Healthy Diet

Tips For Reducing Salt In Your Diet

Tips For Reducing Salt In Your Diet

Tips For Reducing Salt In Your Diet

 

Tips For Reducing Salt In Your Diet

 

NBN Infusions delivers comprehensive services to patients of all ages, from pediatric to geriatric, providing a full range of care for Home Infusion Therapy. NBN Infusions on-site, licensed pharmacy can provide prescription medications, equipment, supplies and skilled nursing care needed for Home Infusion Therapy.

Home Infusion Therapy is a more convenient and cost-effective option than traditional inpatient therapy, with care administered in the comfortable surroundings of one’s own home. Home Infusion Therapy allows for a more active role in one’s own health care. It can also ease stress and anxiety that is sometimes associated with inpatient treatment, resulting in better patient outcomes.

 

 

Most people know that too much salt in your diet is a bad thing. What many don’t know is that controlling that intake is a far more complicated task than just setting aside the salt shaker.

 

If you eat processed foods — everything from canned goods to bread to breakfast cereals — you are ingesting far more salt than you think. Ditto if you dine out frequently.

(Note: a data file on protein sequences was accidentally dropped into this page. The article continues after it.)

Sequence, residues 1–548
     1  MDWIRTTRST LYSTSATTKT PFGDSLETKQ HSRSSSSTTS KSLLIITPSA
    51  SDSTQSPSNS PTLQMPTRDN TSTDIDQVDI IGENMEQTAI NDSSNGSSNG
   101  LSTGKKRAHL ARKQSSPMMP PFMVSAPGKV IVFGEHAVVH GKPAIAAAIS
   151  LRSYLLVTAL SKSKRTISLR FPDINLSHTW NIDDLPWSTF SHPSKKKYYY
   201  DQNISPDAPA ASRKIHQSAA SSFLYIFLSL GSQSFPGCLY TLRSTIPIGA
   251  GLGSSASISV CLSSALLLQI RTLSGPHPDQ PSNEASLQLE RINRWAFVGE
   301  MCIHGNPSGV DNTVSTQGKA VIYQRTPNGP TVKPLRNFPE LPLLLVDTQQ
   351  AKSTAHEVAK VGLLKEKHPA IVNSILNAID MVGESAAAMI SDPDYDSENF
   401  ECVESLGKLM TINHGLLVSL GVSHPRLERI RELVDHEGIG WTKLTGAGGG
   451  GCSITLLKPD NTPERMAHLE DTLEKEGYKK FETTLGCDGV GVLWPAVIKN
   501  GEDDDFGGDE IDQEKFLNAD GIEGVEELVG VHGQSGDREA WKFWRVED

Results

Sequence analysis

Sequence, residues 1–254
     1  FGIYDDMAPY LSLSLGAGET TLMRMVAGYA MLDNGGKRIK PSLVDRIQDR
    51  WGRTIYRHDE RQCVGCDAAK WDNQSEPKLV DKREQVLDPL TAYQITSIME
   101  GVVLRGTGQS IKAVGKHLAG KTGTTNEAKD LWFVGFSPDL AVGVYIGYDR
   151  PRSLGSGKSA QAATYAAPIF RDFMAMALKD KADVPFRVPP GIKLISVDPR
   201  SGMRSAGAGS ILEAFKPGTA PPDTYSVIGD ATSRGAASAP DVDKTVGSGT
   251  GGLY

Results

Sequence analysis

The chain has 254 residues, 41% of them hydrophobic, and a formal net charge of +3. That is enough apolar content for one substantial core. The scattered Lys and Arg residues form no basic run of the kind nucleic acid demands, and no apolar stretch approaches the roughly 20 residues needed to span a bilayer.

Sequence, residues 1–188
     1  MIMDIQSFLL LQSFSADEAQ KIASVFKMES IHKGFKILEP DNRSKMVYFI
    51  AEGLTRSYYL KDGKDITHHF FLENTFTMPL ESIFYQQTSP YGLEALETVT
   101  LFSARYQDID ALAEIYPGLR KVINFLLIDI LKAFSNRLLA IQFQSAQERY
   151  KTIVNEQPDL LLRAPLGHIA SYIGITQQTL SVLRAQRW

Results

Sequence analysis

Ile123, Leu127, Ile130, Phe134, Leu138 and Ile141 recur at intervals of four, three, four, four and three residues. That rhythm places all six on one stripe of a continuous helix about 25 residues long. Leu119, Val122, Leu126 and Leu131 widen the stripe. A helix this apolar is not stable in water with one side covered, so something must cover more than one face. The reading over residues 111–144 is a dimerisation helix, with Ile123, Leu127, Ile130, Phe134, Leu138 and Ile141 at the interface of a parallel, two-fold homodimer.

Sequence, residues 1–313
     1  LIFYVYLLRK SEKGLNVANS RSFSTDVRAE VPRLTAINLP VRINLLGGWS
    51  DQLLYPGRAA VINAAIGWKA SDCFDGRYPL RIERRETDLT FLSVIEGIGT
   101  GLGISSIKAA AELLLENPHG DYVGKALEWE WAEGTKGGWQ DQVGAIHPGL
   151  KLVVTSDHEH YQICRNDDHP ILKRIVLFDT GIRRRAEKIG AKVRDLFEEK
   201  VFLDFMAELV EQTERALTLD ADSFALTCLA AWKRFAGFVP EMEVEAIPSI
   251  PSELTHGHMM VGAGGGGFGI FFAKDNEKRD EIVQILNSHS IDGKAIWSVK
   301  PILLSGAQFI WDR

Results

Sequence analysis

The little girl with the umbrella on the Morton’s salt canister is a cute kid, but she spends way too much time sowing sodium in the nation’s kitchens.

 

“It’s very, very easy to exceed the amount of salt that constitutes a healthy level in your daily diet,” says Andrew Freeman, a doctor at National Jewish Health in Denver who is director of clinical cardiology at the facility.

 

Consider: The American Heart Association recommends that people take in no more than 1,500 milligrams of salt per day. The United States Department of Agriculture is a bit looser, but still sets 2,300 mgs per day as the cap. That’s about the equivalent of a teaspoon of table salt.

 

Anything beyond that and you risk courting high blood pressure, which can lead to heart disease and other problems.